The Institute on Taxation and Economic Policy (ITEP) just released its latest state-by-state analysis of tax code fairness. The upshot? It’s virtually guaranteed that the less money your family earns, the greater the share of your income you’ll pay in state and local taxes. 

 Average for All States in 2015

 According to ITEP, “almost every state tax system takes a greater share of income from low- and middle-income families.”[i] This is especially true for a state like Texas – while they’re known for being low-tax states, they put a significant tax burden on their low- and middle-income families. The ITEP Tax Inequality Index ranks Texas as having the third most unfair state and local tax system in the country, with the poorest 20 percent of Texans paying a 5x larger share of their income than the top 1 percent.[ii]

 North Carolina has the 31st most unfair state and local tax system in the U.S, well behind Texas and Kansas, but ahead of states like Virginia and South Carolina.[iii]

 North Carolina Tax Shares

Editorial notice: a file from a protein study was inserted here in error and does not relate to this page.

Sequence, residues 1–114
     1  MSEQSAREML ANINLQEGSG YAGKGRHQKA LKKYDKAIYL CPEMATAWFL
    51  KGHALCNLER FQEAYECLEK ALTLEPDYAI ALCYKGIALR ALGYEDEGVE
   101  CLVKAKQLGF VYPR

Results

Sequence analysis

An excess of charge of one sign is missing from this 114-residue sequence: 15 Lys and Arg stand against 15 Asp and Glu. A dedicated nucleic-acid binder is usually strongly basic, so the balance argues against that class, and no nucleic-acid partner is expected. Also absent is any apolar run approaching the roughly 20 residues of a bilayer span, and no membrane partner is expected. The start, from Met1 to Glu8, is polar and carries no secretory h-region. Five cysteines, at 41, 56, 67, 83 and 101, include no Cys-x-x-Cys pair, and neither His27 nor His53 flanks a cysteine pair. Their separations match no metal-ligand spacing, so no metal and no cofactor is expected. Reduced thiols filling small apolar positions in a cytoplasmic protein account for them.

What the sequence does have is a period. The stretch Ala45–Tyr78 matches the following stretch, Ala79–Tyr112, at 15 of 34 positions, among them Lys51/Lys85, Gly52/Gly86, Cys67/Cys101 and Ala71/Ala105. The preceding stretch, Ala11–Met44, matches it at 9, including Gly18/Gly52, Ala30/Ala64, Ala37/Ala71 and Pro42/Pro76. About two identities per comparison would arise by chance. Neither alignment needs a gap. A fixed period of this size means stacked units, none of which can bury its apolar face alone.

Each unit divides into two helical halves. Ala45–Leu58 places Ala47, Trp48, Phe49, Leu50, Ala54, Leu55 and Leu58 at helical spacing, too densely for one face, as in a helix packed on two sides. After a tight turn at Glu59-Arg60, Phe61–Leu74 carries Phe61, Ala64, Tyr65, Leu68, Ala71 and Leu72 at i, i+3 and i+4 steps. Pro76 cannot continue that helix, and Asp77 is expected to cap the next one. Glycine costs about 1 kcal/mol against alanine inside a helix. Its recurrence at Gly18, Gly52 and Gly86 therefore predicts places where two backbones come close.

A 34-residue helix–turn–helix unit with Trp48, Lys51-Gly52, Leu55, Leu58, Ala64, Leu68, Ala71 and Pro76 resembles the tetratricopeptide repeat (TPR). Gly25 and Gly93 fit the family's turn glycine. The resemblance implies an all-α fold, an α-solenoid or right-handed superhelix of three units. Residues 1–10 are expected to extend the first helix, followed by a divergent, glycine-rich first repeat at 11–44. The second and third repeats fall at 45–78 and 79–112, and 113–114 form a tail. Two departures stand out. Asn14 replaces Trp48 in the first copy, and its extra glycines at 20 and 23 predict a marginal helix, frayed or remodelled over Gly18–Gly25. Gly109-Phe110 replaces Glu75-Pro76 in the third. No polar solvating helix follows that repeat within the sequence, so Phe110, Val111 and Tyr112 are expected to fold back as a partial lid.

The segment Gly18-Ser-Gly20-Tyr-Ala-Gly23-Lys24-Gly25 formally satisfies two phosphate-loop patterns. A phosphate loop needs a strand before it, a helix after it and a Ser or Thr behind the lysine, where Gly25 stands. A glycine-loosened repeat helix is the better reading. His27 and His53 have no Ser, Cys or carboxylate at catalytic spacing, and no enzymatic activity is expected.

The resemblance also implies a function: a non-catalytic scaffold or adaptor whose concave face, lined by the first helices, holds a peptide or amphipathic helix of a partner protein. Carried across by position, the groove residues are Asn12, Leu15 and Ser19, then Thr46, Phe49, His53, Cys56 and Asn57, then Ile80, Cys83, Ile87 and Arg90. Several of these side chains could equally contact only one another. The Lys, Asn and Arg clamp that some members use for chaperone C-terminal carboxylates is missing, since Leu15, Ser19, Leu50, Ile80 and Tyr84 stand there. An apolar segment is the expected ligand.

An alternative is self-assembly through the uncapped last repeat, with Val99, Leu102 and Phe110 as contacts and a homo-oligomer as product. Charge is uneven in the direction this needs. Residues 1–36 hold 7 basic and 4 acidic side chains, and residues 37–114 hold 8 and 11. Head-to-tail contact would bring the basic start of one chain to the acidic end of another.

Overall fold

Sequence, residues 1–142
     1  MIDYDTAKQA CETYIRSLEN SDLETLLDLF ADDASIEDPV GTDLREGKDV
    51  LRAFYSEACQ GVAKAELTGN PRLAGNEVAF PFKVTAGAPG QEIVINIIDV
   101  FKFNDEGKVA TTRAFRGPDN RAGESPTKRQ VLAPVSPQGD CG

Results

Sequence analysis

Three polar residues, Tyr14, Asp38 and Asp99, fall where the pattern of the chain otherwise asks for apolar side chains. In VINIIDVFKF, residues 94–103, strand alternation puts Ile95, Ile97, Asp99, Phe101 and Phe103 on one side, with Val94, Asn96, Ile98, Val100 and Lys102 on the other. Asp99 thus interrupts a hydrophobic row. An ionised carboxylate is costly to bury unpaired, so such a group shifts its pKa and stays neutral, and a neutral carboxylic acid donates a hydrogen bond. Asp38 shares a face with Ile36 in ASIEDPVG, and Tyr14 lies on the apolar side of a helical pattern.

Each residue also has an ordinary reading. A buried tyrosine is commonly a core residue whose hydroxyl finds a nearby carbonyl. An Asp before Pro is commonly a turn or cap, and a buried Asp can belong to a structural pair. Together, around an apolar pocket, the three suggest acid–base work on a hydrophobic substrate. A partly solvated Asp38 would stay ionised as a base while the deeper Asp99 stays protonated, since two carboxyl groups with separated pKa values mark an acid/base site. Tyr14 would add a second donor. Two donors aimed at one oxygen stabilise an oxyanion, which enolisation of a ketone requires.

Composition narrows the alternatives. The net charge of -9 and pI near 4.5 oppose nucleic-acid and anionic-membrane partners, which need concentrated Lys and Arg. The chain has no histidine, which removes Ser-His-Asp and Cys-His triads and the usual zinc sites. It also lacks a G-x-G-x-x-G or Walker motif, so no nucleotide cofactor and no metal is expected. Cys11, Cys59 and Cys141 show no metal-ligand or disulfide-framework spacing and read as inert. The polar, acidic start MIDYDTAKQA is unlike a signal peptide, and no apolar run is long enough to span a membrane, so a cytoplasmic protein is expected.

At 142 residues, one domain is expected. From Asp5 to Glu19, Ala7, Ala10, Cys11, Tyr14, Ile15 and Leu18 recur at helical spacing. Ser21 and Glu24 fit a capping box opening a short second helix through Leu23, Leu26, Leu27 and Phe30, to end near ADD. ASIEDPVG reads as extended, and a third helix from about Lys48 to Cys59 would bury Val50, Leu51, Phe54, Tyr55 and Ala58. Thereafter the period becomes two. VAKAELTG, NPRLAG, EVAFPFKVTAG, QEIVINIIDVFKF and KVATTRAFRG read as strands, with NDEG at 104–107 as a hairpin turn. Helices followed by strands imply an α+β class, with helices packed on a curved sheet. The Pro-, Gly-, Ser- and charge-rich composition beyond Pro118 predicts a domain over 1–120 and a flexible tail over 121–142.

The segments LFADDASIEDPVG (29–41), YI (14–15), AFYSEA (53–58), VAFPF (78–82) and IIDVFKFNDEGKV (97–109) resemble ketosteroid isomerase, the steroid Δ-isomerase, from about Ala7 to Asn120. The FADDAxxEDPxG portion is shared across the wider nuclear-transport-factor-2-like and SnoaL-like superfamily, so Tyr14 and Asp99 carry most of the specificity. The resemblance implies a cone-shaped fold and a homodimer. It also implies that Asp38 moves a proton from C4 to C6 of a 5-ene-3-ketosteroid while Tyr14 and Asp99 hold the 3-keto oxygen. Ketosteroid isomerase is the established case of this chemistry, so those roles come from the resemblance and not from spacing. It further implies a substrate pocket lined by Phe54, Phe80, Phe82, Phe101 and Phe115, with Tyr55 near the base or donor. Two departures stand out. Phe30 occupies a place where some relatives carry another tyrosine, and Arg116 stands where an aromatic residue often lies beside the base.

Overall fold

ITEP notes North Carolina’s more progressive tax features, like the targeted child tax credit and the grocery exclusion for our state sales tax. However, they also flag the regressive aspects of North Carolina’s tax code:

  • Personal income tax uses a flat rate
  • Comparatively high state and local sales tax rates
  • Local sales tax bases include groceries
  • Fails to provide refundable Earned Income Tax Credit (EITC) since credit was eliminated in 2013
  • Fails to provide a property tax “circuit breaker” credit for low-income taxpayers
  • Child Tax Credit is nonrefundable

 Most of the 2013 and 2014 tax changes, like cutting the corporate income tax rate and eliminating the state Earned Income Tax Credit, also made North Carolina’s tax code more regressive.


[i] The Institute on Taxation and Economic Policy. (January 15, 2015). Who Pays? A Distributional Analysis of the Tax Systems in All 50 States. 5th Edition. Available at

[ii] See note i.

[iii] Ibid.